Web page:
There is a hospital bed with all its modern medical paraphernalia, as if moonlit through some cracks, somewhere deep under a medieval fort. A lavish palace and princes fencing in its front yard. There are horse carriages for transport – and other machinations like murder attempts – but in that carriage you are allowed to use mobile phones to talk and listen to music. A glitzy looking Ram Leela with Deepak Dobriyal as Sita but playing a character called Kanhaiya. The people in Prem Ratan Dhan Payo are dressed for every occasion however minuscule it may be. Forget the people. For the arrival of a princess, not just the railway station, even the train is adorned with flowers. Suddenly you wonder if Sooraj Barjatya has morphed into a poor man’s Sanjay Leela Bhansali.
But Barjatya of course retains none of Bhansali’s panache. The aforementioned fort is called “Royal Fort”, a generic name in a generic film. He borrows from the myths but has none of that penchant for myth-making. The film begins predictably with Ram Ratan Dhan Payo. He doesn’t have the extended family coming together at regular intervals for song and dance this time. In fact the very problem here is the togetherness of family for a change. Therefore it harks back to all of Barjatya’s previous films in its own way. The Boy and Girl teams playing a cricket match is replaced with Kings and Queens playing football. A short dress that Rajkumari Maithili Devi (Sonam Kapoor) wears with an air of apprehension for the inconsiderate Yuvraj Vijay Singh (Salman Khan). And there are matters of love, money and property between the crown-prince, his step-brother and step-sisters. Barjatya unfortunately also harks back to the filmmaking of a different era. As always in his films, characters are spoken about before they are introduced. While we are dealing with the diabetic effects of his previous films, Prem Ratan Dhan Payo lacks a great amount of that sweetness. It’s like we were all ready to excuse a few calories for Diwali but got served salad. Why, even Yuvraj Vijay Singh has a digestion problem and eats only boiled veggies which makes Prem (again Salman Khan, clearly the 90s version) suitably scoff. Barjatya learned all the wrong lessons over the years.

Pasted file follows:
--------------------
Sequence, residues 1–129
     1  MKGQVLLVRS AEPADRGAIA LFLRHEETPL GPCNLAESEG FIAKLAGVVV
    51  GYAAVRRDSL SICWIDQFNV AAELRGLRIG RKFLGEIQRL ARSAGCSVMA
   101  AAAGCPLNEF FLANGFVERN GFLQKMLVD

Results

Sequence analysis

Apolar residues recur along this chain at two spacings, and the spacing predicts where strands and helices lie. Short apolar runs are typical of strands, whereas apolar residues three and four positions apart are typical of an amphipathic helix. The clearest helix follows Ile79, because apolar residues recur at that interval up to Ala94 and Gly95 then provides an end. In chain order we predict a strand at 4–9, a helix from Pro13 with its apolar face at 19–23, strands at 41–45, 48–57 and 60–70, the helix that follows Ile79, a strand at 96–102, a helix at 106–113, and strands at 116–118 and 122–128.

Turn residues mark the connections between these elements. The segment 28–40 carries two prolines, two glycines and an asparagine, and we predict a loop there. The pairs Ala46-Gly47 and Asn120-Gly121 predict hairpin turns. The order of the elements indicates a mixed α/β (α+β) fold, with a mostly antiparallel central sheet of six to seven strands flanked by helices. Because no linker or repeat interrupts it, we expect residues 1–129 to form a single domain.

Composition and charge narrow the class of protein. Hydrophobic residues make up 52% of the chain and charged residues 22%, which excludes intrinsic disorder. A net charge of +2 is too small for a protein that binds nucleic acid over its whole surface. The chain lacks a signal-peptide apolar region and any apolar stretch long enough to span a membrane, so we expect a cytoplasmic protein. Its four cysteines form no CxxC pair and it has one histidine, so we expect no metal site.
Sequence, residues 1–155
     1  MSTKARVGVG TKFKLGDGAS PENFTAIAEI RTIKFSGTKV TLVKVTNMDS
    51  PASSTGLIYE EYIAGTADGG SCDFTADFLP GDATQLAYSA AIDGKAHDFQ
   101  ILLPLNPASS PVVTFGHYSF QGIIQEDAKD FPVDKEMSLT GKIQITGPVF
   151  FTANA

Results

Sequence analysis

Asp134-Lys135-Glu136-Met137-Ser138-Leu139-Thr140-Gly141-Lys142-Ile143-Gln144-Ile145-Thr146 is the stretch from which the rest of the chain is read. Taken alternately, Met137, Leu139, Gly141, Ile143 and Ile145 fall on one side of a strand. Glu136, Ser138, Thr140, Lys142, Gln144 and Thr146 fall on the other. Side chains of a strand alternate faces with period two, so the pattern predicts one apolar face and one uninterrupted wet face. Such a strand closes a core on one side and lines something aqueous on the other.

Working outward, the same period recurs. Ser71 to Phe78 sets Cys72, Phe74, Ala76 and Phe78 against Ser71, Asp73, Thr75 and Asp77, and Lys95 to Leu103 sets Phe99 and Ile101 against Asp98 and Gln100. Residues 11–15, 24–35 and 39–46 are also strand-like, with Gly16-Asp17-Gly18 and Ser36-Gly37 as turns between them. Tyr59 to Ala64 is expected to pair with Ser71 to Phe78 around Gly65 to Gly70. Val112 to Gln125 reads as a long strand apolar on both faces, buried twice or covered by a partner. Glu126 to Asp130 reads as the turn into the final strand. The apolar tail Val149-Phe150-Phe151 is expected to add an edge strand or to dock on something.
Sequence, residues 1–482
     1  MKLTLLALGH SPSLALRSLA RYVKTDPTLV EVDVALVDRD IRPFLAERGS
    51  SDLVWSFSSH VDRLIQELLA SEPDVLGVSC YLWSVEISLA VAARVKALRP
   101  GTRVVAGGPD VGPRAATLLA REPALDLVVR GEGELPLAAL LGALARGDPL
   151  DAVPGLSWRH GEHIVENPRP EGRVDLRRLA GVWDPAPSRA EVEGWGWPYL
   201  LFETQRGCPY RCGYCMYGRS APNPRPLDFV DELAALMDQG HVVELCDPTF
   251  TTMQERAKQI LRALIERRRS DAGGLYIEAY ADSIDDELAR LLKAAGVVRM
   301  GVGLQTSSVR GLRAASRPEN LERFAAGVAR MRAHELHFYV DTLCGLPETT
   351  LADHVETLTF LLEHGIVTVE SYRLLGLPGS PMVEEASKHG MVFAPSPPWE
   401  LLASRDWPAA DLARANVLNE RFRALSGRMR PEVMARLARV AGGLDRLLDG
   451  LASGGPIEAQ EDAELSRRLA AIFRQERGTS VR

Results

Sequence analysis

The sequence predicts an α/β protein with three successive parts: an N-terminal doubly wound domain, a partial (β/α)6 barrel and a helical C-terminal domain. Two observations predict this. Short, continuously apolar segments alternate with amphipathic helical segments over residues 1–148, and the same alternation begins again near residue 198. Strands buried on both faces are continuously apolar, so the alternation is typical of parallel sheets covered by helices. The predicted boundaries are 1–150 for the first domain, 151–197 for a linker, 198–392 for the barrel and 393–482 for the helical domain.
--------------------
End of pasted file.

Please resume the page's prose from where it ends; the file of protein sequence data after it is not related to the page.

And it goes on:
Prem Ratan Dhan Payo also works as an Adarsh Balak live action film. Words like maan, samman, parampara occur multiple times. Even the much maligned sindoor makes its presence felt. Prem unifies brothers, sisters and royal attendants. Maithili is introduced as some sort of an NGO worker, first seen distributing aid in a flood relief camp. They even talk in shuddh Hindi at times. A journey is referred to as to have been aramadayak! Prem also shuns all forms of physical contact with Maithili – that has to wait till wedding. That ideal notwithstanding, this is Salman Khan’s second coming this year delivering sermons on Indian culture. While the politics of Bajrangi Bhaijaan were external in nature, the politics in Prem Ratan Dhan Payo are internal. Prem Ratan Dhan Payo is agam to Bajrangi Bhaijaan’s puram. Prem Ratan Dhan Payo in fact takes off from where Bhaijaan left. It begins with Hanuman Chalisa in the town of Ayodhya not far from Banaras where Kabir Khan’s film from earlier this year was set. While Khan’s film was tongue in cheek in dealing with the right wing, Prem Ratan Dhan Payo plays it straight. As if on cue, a Modi video directed by Censor Board chief Prahlaj Nihalani is playing during this film’s intermission across theatres in India. But between all this, it is only Salman Khan who is having fun. He’s deliberately stiff as the crown-prince but as Prem he’s in familiar territory asking people to loosen up but within parampara. Khan knows he is in a film that has a problem even being cheesy and his camaraderie with Dobriyal as small time drama artistes is the only part that elicits some chuckles.
(An edited version of this was published in The New Indian Express)